Share on facebook
Share on twitter
Share on linkedin
Share on pinterest
Share on email

From Dreams to Reality: A Syft Exclusive Interview with Rozei

As a kid, Carter Perkins loved video games. He grew up with the original Xbox, and was part of the original COD community. As a kid, Carter Perkins was also a talented singer, posting recordings starting when he was nine.

As an adult, he’s better known as the artist, “Rozei.”

Rozei
From Dreams to Reality: A Syft Exclusive Interview with Rozei 4

“I have to remind myself every time I wake up that this is real,” he said. “I’ve learned to not take anything for granted because I know this is what I’ve been working for my whole entire life, so I just want to all take it in and just soak it up.”

It truly is a dream. Kevin Weaver, the head of Atlantic records, signed Rozei at age 21. He then collaborated with FaZe Clan on a music video for his song, “Ooo La La,” which streamed over a million times within three weeks of release, in large part due to the gaming community.

Many Fortnite streamers would use his song during clips and compilations, garnering wide support and establishing a large following from the community he grew up in. When Rozei found out his song blew up due to Fortnite, which Rozei plays, he was more impressed with the skill of the gamers than his song being featured.

“It’s funny. I’ll hear my song and I’ll say, ‘They used my song that’s awesome!’ And then I just completely zone out and watch their gameplay.” he said. It’s clear, Rozei loves gaming, and this love dates back to his childhood.

The story of Rozei begins with an unlikely protagonist: his father. Just like Rozei, his father harbored a love for video games, so much so that at the age of six, Rozei was playing Doom with his dad. 

“Me and him used to game all the time,” Rozei recalled. “We had this little gaming room set up in the front of our house, and we had pretty much every original Xbox game you could have.” They would even have “game nights” where the pair would just grind games for hours. Now, it’s his outlet.

“Gaming is an escape from anything that puts stress on me when I was younger or anyday,” he said. “If I’m having a stressful day, I can forget about all that. I get to live in the moment, nothing else matters.”

The grinding didn’t stop after Doom and Microsoft’s first console. One year for Christmas, his father bought him an Xbox 360, and Rozei started grinding a new game: Call of Duty. In fact, he said he was in the original COD community, when Tim and Housecat and FaZe were just starting out.

His community, however, wasn’t one of purely skill, but style. Rozei was part of the “Trickshotting community,” where the goal is to get the most elaborate or inventive final kill on the kill cam in a match. Rozei said if a player hits a crazy killcam, everyone in the community would know about it. This community is where he met some of his closest friends that he keeps in touch with to this day, and were some of his biggest supporters when he started making his career in music.

Rozei2
Courtesy of Rozei

In this community, just like others, there were people at the top, and most often the best COD players were the best trickshotters, putting FaZe at the top. Rozei said he spent the next five years grinding in an attempt to join FaZe Clan.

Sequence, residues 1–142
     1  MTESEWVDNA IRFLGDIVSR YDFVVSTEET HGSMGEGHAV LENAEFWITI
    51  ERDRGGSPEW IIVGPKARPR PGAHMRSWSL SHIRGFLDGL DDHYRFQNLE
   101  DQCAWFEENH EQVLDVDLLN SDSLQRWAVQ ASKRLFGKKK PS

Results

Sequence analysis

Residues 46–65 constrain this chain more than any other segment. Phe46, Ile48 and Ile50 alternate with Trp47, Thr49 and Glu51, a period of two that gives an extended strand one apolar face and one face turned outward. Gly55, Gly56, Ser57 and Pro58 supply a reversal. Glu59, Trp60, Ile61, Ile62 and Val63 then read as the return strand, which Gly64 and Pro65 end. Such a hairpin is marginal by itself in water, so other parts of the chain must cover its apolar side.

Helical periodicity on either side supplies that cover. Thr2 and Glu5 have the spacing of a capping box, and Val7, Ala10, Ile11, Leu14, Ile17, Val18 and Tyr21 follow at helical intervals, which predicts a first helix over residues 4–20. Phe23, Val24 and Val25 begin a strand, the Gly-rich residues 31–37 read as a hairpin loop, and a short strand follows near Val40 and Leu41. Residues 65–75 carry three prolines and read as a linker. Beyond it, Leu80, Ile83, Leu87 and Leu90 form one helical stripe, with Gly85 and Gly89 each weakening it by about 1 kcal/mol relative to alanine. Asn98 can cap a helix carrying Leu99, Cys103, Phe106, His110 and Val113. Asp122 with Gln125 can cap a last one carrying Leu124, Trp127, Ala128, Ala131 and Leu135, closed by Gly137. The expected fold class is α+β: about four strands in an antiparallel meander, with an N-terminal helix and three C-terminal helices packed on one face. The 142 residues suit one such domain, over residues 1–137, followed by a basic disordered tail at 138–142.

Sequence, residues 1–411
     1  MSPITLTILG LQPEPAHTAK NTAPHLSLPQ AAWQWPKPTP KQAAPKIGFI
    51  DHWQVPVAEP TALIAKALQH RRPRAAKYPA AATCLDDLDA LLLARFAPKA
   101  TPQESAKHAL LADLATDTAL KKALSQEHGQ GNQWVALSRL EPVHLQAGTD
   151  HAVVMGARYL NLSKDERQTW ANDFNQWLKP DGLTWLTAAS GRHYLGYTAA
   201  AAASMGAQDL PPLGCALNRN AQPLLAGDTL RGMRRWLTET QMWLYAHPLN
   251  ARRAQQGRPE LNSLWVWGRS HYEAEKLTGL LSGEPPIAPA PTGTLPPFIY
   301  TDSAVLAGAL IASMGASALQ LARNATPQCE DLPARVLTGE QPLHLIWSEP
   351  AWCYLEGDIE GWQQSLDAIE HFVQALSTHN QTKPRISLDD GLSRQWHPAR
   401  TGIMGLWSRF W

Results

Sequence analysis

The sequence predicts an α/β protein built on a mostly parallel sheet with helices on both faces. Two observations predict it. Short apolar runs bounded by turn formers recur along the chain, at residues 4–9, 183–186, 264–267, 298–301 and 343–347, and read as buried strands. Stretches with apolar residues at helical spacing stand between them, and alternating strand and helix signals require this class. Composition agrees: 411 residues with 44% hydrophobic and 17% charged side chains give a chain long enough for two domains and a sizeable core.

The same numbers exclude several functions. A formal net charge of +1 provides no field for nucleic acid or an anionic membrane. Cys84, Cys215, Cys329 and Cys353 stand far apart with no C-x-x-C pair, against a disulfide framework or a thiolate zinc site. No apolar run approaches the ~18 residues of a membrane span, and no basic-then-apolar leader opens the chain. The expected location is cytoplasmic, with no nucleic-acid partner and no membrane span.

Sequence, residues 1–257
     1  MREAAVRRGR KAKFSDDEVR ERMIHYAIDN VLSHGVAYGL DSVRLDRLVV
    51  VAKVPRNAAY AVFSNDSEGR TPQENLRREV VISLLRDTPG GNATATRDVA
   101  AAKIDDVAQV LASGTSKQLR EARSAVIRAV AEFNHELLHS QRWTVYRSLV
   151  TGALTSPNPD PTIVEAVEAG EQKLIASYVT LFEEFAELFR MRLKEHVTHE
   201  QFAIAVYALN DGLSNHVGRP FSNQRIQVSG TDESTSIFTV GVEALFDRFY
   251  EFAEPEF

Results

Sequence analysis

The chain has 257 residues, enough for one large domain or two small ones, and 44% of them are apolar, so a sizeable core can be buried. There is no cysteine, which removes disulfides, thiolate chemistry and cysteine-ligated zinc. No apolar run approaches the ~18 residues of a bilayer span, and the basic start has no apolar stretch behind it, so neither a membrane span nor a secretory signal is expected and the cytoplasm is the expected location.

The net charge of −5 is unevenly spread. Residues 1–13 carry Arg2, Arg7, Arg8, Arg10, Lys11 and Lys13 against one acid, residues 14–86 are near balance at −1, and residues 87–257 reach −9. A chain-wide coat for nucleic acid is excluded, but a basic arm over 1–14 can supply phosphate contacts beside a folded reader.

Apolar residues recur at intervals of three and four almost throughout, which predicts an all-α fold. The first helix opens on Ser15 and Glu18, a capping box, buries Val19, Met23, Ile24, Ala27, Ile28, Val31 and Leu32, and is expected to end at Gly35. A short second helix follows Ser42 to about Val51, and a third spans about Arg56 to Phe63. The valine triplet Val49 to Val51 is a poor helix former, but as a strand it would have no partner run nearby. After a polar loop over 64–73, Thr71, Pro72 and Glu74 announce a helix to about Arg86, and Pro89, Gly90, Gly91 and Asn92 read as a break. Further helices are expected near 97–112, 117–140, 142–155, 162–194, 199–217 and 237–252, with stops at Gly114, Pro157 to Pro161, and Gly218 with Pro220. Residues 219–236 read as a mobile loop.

So it really was a dream come true when he was able to partner with them to create his music video.

“It almost didn’t seem real at the time,” he said. When he got the call asking if he wanted to partner with FaZe on his music video, his answer was “Dude, there’s nothing more I want.”

It was because of COD that Rozei entered the music scene to begin with. From the ages of around nine to eleven Rozei used to enter COD lobbies to sing, regardless of request. He said people even then asked if he recorded.

Nearing the end of his time trickshotting was the start of his reentry into music. In high school, he used to freestyle with his friends at lunch, and described that crowds would form around them so people could listen to their flow. His earlier music started out with the same vibe. Then, in around 2016-2017, he started singing in his songs, rebranded himself, and “Rozei” was born.

Rozei1 1
Courtesy of Billboard

He dropped a song titled “Buzzin!” and followed up with “Ooo La La.” After the latter’s instant success, calls from record companies flooded in. Through it all, Rozei “always had [his] eye on Atlantic,” even flying to LA after coming back from New York, where he was meeting with other labels.

When he walked into the building, Rozei said he knew he was home.

“When I walked in, it felt super natural, like I was hanging with my boys,” he said.

The story of Rozei is not one of a choice between gaming or music, but rather the harmony of both. In fact, Rozei says it’s the most rewarding part.

So what’s next? Rozei’s currently playing Warzone and Among Us, and is excited for Cold War, Cyberpunk, and the new Tony Hawk game. He hopes that his stream will keep growing, and wants people to keep jumping in chat, as it’s one of his favorite things about streaming. Looking towards music, Rozei says that new music is coming, and to get excited for it.

“Ooo La La was just the start,” he said. “This has felt like a long battle, but I’m really just getting started!”

guest
1 Comment
Oldest
Newest Most Voted
Inline Feedbacks
View all comments

You'll also like

Subscribe to our news letter